African spurred tortoise (Centrochelys sulcata) inhabits Sahara desert of Africa. After Galapagos and Aldabra giant tortoises, these tortoises are the world’s largest mainland species of tortoise. Sulcata tortoise (its other name) is also the world’s third largest tortoise species. From the genus Centrochelys, African spurred tortoise is the only species in this genus. Its scientific name is derived from the Latin word which means ‘furrow’. It was named because of the lines or furrows on the scales of these tortoises.
These tortoises can grow as long as 83 centimeters in length and weigh around 231 pounds. At birth, the hatchling is about 5 to 7.6 centimeters long.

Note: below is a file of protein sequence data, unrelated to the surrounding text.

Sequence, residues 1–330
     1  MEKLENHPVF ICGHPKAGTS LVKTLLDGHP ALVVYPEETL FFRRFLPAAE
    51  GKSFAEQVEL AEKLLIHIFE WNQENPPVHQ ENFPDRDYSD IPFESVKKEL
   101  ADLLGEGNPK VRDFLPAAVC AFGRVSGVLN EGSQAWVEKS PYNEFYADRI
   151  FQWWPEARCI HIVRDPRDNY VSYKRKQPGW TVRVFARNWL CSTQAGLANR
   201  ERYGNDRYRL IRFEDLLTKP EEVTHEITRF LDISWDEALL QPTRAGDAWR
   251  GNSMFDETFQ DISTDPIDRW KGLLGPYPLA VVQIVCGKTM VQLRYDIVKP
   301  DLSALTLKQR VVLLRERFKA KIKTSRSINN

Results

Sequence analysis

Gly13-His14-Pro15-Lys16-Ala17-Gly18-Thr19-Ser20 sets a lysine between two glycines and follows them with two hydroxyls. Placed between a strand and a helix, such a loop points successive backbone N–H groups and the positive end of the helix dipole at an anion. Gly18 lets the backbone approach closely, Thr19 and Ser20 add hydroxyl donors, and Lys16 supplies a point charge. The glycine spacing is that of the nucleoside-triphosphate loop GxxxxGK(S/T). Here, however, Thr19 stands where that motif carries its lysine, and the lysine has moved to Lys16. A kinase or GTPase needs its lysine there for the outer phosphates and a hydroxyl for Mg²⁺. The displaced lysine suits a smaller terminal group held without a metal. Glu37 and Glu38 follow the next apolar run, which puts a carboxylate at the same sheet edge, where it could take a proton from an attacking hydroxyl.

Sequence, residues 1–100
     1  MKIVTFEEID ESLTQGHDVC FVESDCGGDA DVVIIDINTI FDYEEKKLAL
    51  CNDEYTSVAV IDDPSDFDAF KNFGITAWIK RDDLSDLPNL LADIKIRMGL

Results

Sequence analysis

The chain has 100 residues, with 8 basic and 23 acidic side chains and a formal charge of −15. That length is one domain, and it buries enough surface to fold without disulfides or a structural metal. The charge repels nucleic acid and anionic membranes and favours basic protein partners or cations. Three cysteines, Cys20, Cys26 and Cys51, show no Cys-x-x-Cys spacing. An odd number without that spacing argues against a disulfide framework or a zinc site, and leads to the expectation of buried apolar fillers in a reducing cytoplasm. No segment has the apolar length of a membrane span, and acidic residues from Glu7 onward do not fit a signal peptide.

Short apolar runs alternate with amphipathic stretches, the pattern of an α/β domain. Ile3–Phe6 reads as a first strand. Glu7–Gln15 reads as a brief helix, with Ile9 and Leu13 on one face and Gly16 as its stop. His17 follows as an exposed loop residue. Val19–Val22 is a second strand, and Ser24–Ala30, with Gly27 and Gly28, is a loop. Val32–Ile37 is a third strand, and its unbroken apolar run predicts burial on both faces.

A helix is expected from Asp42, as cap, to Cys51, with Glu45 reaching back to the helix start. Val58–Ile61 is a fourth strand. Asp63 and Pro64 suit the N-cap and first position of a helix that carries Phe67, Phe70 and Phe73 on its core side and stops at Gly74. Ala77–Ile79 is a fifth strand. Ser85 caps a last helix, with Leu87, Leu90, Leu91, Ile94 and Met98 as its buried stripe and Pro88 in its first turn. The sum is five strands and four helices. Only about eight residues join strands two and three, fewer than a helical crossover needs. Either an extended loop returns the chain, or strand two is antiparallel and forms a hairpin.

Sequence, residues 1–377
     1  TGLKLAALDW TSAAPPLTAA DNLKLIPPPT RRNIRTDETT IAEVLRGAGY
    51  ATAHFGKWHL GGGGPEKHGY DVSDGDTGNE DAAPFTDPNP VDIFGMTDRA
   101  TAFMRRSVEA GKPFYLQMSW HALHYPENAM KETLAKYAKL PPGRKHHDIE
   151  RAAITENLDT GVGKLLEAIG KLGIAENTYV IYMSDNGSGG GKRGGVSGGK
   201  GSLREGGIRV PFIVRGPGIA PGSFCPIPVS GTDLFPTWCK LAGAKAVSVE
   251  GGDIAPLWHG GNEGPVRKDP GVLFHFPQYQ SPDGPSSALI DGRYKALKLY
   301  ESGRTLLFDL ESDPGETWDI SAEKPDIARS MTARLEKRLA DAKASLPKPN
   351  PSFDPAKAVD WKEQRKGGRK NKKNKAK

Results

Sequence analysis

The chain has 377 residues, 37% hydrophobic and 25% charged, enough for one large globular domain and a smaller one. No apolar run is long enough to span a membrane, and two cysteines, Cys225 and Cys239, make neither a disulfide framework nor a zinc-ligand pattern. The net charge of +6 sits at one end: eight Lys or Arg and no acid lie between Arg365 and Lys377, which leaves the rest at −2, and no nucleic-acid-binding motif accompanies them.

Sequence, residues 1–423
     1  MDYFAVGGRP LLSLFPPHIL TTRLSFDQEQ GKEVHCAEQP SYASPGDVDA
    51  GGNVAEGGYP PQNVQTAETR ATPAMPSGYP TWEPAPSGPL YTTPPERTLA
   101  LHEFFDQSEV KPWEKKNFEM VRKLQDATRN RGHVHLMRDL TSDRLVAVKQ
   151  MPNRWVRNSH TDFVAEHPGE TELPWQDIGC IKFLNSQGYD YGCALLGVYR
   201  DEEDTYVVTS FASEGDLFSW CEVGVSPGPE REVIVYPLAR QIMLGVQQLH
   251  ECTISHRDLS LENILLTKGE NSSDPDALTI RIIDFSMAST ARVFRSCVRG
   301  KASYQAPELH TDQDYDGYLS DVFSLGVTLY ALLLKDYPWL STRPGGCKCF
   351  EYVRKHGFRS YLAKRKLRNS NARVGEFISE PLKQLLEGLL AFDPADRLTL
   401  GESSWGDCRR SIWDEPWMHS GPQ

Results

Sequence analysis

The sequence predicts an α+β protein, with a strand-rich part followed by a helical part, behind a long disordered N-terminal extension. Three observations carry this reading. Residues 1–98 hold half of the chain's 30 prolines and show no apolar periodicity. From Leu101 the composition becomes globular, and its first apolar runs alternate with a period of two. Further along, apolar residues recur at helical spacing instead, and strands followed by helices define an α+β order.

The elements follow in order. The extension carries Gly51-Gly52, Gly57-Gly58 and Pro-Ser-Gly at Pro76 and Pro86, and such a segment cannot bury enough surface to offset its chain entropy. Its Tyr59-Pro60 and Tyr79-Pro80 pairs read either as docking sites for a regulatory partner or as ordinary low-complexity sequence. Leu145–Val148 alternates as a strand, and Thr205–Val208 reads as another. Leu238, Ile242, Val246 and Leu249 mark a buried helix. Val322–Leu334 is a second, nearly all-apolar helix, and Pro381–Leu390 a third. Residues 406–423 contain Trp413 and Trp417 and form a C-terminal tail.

It is a long-lived tortoise and has a lifespan range from 50 to more than 150 years.
Mating season for these tortoises occurs between September and November.
A female tortoise lays a clutch size of 15 to 30 eggs. The time interval between each egg is 3 minutes. The eggs are hatched after 90 to 120 days.
They occupy steppes and thorny grassland habitats in African countries like Ethiopia, Sudan, Mauritania, Burkina Faso and Senegal. These are dry regions and the African spurred tortoises tend to dig burrows in the ground in order to get away from the extreme heat of the day. These burrows can be as deep as 76 centimeters.
These tortoises are greedy herbivorous reptiles and tend to eat a wide variety of fiber-rich plants and grasses like dandelions, cactus pads and hibiscus leaves. They get calcium from the soil and do not really prefer eating fruits. They usually feed on low-protein diet.
Other Name: Sulcata Tortoise